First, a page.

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In Syria: 'City Of Ghosts' Waits For Government Forces To Attack

The Syrian town of Jisr al-Shughour is in the eye of the storm of a three month protest movement. Syrian security forces used armed helicopters to quell protests there on Friday, according to activists. By Monday, the Syrian government was reporting that 120 members of the security police had been killed by "armed gangs" and was vowing to mount a major military operation int he town.

The details of the fight in Jisr al-Shughour, which is near the Turkish border, remain unclear. There are reports that some protesters took up weapons. Other reports say Syrian security forces turned on each other. Information is sketchy because the government has shut down the internet and is doing its best to block communications.

But earlier today, NPR got a phone call through to the hospital there and spoke with an activist. This is an English transcript of what he said:

"I'm (in) Jisr al-Shughour at the National Hospital. It has been completely evacuated. We have two corpses in the freezer; we tried delivering them to their families, but there is no one left in the city. Only about 200 young men stayed behind to protect the city from acts of robbery and vandalism. This city of 75,000 residents is completely empty. It's a city of ghosts in every possible interpretation of the term. They fled north and west towards the Turkish border; not inside Turkey, just on the border.

"We have prior experience with this. In the 1980s there was a massacre in Jisr al-Shughour where more than 600 people died. The families of Jisr al-Shughour have bad memories of the last time the army was here, so they were all afraid and they fled. The Syrian security apparatuses announced that there are armed gangs here. I say if that's the case, allow foreign journalists to come and see those gangs for themselves. The foreign press, not the local ones. The Syrian media [are] an accomplice in our oppression. [They are] an instrument of murder. In my opinion, after we depose the regime we have to put them on trial, not as traitors but as perpetrators of crimes against humanity.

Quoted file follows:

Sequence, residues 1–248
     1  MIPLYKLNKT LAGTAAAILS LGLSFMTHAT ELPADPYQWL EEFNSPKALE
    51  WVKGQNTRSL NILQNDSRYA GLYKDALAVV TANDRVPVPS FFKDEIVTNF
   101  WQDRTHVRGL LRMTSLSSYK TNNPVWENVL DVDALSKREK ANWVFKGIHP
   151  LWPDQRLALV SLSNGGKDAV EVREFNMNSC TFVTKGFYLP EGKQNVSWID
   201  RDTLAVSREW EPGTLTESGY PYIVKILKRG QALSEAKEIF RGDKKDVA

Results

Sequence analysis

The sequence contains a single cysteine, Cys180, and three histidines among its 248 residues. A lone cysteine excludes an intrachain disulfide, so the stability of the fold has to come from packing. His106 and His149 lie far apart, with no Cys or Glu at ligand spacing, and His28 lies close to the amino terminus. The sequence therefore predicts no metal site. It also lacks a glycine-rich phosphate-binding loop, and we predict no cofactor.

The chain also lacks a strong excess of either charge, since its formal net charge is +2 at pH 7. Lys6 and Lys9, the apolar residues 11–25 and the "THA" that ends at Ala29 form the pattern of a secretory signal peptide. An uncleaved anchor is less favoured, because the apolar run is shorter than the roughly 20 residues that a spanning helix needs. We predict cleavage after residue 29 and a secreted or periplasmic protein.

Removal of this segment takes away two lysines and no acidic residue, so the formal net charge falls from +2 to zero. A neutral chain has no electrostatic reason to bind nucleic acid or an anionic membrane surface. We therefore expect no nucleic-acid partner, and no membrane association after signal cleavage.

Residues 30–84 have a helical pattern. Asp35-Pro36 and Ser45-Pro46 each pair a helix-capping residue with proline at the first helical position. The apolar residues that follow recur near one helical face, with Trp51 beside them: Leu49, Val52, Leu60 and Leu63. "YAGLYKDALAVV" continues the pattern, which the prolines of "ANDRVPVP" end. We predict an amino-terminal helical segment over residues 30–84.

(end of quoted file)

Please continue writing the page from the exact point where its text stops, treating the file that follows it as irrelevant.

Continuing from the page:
"There's nothing going on now. We don't know what's going to happen. We're waiting. The Minister of Interior and the Minister of Information threatened that they are going to strike Jisr very harshly. And that they will conduct massive military operations. So we are expecting these operations. That's why we did mass evacuations of the city. The water has been polluted, we don't know the source. The security forces destroyed a few cellphone towers, that's why the [connection] is this bad.

"[On] Sunday, two helicopters were flying in the skies of Jisr al-Shugour. One was only on reconnaissance, but the other was shooting randomly from its machine guns. There were helicopters in Freike too. They shot at the protesters directly and killed two. Yesterday a third died from his injuries. Yesterday there was a reconnaissance helicopter flying in the skies of Jisr al-Shughour after 1 a.m. It didn't shoot. Just took photos."

At that point, the sound quality made continuing the conversation impossible. Here's a very short soundbite of the activist's voice (NPR is not reporting his name out of concern for his safety):

[NPR's Deborah Amos has been monitoring the situation in Syria from Beirut. She also filed the following report for our Newscast desk:]

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